Lozter if you do the nhs one you are just as likely to make friends there, they are exactly the same, pregnant women usually on their first looking for info and to make friends, no difference apart from cost and content, there will usually be bf classes you can go to aswell, the majority of groups and coffee things are after birth though

If anyone is reading this outside of London, don't assume there will be local NCT classes. My nearest were miles away, and would have been hopeless for meeting local friends. I didn't bother and opted for the 2 x 2 hour NHS sessions which were just 6 miles away. These were great, and as they were held at the local birthing unit we were able to watch the nurse change and bathe a new born.

Mums and baby groups are just as good for making friends, and they are free. I think NCT classes are just too expensive.

rabbitfrommars Mon 25-Feb-13 13:54:12

I just went to the Breast feeding class at Queen Charlotte (scheduled to be 3 hours but only took 2hours). It was run by a Breast feeding specialist and she was very good (she also helps post birth and runs a clinic to check all is going well post birth). I liked the class and it really covered what I felt I needed to know. I'm going to the antenatal class later in the week, so I'll let you know how that goes.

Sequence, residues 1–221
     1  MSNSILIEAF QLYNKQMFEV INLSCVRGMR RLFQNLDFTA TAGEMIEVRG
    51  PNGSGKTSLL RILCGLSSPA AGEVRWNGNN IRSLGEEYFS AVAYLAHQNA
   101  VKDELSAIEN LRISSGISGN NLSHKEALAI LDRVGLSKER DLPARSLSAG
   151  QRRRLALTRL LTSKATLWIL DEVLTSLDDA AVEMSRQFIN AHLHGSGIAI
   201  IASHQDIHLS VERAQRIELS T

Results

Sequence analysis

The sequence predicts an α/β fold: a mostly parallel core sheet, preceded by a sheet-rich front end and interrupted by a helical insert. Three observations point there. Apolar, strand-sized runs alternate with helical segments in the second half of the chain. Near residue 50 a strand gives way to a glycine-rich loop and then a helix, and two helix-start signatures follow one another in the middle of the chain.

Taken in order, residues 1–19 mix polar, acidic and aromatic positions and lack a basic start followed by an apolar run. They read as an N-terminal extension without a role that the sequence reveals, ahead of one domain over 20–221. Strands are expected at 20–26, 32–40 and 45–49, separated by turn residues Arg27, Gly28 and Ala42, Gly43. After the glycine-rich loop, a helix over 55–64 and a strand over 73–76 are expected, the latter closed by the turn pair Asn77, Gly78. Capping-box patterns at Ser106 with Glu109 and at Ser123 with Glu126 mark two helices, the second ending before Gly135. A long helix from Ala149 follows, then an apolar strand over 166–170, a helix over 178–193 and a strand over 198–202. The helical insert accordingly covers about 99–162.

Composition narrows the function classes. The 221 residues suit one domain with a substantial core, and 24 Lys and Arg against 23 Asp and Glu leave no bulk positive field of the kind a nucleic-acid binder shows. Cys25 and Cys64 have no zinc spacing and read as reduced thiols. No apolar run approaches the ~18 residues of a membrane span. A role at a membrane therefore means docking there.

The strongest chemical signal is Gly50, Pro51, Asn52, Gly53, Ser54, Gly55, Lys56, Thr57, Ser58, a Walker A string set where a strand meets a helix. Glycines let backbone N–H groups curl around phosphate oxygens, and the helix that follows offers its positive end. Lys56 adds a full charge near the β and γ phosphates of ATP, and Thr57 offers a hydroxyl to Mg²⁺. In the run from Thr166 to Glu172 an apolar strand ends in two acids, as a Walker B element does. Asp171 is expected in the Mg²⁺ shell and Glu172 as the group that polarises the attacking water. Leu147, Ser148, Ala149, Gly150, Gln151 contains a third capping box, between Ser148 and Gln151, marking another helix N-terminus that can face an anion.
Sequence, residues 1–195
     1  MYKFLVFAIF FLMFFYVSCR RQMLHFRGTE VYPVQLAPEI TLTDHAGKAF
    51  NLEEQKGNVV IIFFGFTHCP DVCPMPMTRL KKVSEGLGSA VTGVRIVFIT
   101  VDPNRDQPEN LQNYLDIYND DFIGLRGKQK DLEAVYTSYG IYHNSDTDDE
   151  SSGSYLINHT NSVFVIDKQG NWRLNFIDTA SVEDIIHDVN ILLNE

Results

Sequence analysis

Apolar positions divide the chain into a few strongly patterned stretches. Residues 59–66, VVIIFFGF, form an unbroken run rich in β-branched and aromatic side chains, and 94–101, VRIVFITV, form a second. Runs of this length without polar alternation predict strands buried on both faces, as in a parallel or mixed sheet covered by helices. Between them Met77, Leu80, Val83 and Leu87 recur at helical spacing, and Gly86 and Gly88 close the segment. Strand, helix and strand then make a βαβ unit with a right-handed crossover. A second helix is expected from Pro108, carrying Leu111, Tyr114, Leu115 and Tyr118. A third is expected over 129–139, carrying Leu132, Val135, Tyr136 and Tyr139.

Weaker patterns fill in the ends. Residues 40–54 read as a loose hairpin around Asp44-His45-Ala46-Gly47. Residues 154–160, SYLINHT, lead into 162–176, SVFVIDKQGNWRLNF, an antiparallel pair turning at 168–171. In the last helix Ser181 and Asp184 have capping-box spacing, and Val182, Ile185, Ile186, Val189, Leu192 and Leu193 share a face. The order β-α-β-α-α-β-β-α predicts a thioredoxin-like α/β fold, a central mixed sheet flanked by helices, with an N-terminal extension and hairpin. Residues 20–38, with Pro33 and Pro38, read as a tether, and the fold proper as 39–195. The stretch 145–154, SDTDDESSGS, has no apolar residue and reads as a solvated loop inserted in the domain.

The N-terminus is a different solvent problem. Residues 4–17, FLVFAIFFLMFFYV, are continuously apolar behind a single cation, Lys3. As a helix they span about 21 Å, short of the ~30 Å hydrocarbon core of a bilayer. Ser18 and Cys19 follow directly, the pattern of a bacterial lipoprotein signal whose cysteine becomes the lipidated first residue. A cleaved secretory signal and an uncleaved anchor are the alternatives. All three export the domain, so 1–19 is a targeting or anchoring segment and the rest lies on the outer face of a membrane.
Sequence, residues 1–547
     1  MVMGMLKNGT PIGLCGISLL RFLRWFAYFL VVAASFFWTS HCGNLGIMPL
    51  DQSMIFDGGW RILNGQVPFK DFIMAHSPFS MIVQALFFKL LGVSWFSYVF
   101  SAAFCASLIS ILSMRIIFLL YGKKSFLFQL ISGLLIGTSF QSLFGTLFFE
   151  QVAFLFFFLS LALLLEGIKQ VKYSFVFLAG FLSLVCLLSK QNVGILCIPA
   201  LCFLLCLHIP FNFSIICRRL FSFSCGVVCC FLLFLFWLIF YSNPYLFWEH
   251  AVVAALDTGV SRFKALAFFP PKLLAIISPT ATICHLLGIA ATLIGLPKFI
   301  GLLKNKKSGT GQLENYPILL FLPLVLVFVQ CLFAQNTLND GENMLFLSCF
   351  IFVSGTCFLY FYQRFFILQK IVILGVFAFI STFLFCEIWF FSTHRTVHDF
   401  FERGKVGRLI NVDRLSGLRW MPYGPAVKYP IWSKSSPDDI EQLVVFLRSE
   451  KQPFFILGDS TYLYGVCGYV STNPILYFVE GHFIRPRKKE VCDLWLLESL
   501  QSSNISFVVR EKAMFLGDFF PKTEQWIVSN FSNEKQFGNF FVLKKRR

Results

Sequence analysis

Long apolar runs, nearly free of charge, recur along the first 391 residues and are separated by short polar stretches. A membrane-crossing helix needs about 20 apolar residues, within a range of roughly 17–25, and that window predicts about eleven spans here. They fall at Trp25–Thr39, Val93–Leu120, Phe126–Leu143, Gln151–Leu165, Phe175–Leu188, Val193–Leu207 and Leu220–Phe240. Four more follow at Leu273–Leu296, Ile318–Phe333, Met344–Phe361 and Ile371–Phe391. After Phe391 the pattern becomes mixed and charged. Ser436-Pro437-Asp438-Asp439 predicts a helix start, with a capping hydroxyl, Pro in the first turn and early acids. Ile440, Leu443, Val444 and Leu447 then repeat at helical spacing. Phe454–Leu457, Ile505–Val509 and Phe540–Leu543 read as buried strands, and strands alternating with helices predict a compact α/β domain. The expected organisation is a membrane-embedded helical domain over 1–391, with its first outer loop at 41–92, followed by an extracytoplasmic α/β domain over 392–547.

marushka82 Tue 26-Feb-13 11:00:59

rabbitfrommars that's such great news, thanks for posting this! I'm with Queen Charlotte as well and so far I've been to one class about exercise/nutrition etc in pregnancy - it was very informative and the instructor was very nice.
The next one on my list is the Birth Preparation class which I can attend between 30-36 weeks (and need to sign up to asap!) - is that the one you're going to next week? I think this one is with the partners and I'd be really interested to read your feedback! Is the breastfeeding class for when you're around 30 wks + as well?

A quick update from me: I got a reply from the NCT coordinator in my area (Ealing) and the price of one of the courses (sadly all booked out) is £278, the other (with places still available) is £318 (which is outside of our budget I think). I emailed the coordinator today to find out the prices of two more courses, so I'll share here once I get a reply.